VA Bridging Rural Care Divide With ATLAS Program

VA Bridging Rural Care Divide With ATLAS Program

The initiative represents a step forward for VA telehealth and expanding the availability of specialized care.

Presenting at a demonstration of the newly launched ATLAS program on Capitol Hill, representatives from the Department of Veterans Affairs detailed the telehealth initiative’s origins and its role in bridging the rural care divide.

The VA has long sought to bring more comprehensive care to veterans living in rural areas, with one third of all veterans served by the agency — approximately 5.2 million — living in rural parts of the country. This has caused particular difficulties for veterans with persistent or specialized care needs, often requiring difficult or outright unfeasible travel distances to reach the nearest available caregiver within the VA network.

VA executives behind the ATLAS Telehealth initiative, or Advancing Telehealth through Local Access Stations, told GovernmentCIO Media & Research they hope it will help bridge the rural health care divide for America’s veterans. 

Dr. Kevin Galpin, executive director of VHA Telehealth Services, expressed particular optimism about ATLAS’ potential to provide care for veterans with limited internet connectivity. 

“There are veterans who don’t have internet, or sufficient technology, to take advantage of these services,” Galpin noted about the VA’s success in providing telehealth services for veterans with ready access to broadband.

This has presented a particular quandary for VHA.

“We really need to look at other options to overcome the digital divide in this country,” Galpin said. “If we can’t get care in their home, we can provide it in the local community.”

The centerpiece of the ATLAS program is its remote telehealth exam rooms that allow veterans to book appointments outside their home. Galpin detailed this has involved planning exam rooms in especially convenient, community-centric locations, including “libraries, veteran service organizations and even Walmart.”

The ATLAS telehealth rooms have been designed with comfort in mind, including settings that create soundscapes of the seaside or lighting reminiscent of a sunset, Galpin said. Creating this sort of accommodating, private space is especially crucial.

“Not every veteran has a therapeutic environment at home, and it’s comforting for them to be able to come to a community center,” Galpin said.

Private-public partnerships have been crucial for ATLAS’ development, with the initiative being launched in December 2018 with considerable support from Philips, Galpin said. The program’s development has been rapid over the intervening months.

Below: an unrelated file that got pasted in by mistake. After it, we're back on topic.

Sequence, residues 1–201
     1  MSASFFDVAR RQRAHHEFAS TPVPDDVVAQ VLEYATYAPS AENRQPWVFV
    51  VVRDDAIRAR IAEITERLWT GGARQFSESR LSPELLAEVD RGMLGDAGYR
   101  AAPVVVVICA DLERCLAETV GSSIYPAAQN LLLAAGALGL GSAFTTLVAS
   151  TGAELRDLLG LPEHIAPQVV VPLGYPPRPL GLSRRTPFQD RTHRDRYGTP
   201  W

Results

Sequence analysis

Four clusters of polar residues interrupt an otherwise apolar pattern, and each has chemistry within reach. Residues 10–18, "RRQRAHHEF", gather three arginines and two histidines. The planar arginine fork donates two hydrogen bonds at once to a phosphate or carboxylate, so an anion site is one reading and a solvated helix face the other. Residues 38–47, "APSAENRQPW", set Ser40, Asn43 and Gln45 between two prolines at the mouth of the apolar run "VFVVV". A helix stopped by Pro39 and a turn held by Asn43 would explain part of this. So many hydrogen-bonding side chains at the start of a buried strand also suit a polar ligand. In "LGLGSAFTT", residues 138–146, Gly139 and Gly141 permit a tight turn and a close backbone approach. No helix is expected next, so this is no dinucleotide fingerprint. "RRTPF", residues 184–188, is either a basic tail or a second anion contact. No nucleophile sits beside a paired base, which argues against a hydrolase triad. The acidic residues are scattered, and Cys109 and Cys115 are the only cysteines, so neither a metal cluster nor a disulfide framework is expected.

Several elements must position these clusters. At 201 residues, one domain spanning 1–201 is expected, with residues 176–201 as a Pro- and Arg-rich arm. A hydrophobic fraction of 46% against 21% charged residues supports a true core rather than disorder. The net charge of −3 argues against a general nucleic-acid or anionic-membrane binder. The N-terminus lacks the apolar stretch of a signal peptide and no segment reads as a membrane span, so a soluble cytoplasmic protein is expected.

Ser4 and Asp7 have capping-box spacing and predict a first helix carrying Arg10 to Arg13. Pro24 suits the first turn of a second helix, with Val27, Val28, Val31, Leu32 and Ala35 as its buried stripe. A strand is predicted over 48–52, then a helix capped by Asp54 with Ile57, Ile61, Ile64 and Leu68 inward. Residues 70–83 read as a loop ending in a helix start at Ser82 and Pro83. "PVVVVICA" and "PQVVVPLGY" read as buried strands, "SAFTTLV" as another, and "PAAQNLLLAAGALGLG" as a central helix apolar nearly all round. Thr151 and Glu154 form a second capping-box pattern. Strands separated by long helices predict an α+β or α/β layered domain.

“We had a ribbon cutting for our first [telehealth room] last month, and we have plans for nine pilot sites this year,” he said.

The ATLAS program could improve the care experience for a considerable breadth of the VA patients.

“Last year, about 15% of all veterans who got care from the VA got some portion remotely,” Galpin said. The ATLAS program has been designed with intent to scale. The VA is concurrently developing an application to help veterans locate their nearest ATLAS site by zip code, he added.

The ATLAS program fits with the VA’s expansion in its behavioral health services and PTSD treatment. “This is perfect for any kind of talk therapy,” Galpin said, and especially helpful in smaller communities where the local counselor might be a personal acquaintance.

In a subsequent interview, Executive Advisor to the Secretary of VA Deborah Scher tied the ATLAS program directly to the agency’s central mission of providing care for all of America’s veterans.

“Nineteen percent of Americans live in rural communities, 25% of veterans live in rural communities, and 33% of the veterans we serve live in rural communities," she said.

VA leadership designed the ATLAS program with a conscientiousness toward improving rural care, Scher continued.

“As we sat down with our colleagues in the Office of Connected Care, they highlighted two barriers in bridging the digital divide," she said. "One is that there are veterans who would like to receive their care through video telehealth but can’t afford an unlimited data plan."

This quandary was resolved by the VA coordinating with internet service providers to zero-rate the agency’s video connect app, offering connectivity free of charge, she said.

Scher holds up the ATLAS program as the second core component in bridging the rural care divide.

“There are veterans who live in areas with no broadband, so it doesn’t matter what kind of data plan they get," she said. "We started to think about how the VA extends our reach without extending a physical footprint.”

Scher described foundation for the ATLAS program. Upon developing a comprehensive map of veterans in rural areas with limited access to care, the VA began pursuing partnerships with Walmart to pilot ATLAS sites in local communities while establishing a simultaneous collaboration with American Legion and Veterans of Foreign Wars to begin establishing ATLAS sites in their meeting halls. This has created a corresponding map of potential ATLAS sites that will help veterans in more remote locations access telehealth care, she added.

Hear more about ATLAS from VA leaders at our upcoming Nov. 7 Veterans Digital Transformation Breakfast event at the Newseum. 

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